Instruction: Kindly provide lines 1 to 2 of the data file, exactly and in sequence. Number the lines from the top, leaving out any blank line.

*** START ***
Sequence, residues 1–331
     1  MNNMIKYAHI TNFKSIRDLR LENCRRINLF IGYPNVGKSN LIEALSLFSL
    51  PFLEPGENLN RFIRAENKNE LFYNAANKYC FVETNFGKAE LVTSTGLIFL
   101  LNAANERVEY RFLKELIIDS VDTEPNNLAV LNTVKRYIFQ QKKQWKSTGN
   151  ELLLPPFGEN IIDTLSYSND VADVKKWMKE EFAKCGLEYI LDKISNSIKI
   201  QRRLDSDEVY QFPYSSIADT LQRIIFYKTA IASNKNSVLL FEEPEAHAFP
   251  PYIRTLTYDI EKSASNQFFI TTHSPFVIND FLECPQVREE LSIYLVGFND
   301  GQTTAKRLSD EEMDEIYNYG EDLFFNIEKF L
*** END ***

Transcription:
Sequence, residues 1–331
     1  MNNMIKYAHI TNFKSIRDLR LENCRRINLF IGYPNVGKSN LIEALSLFSL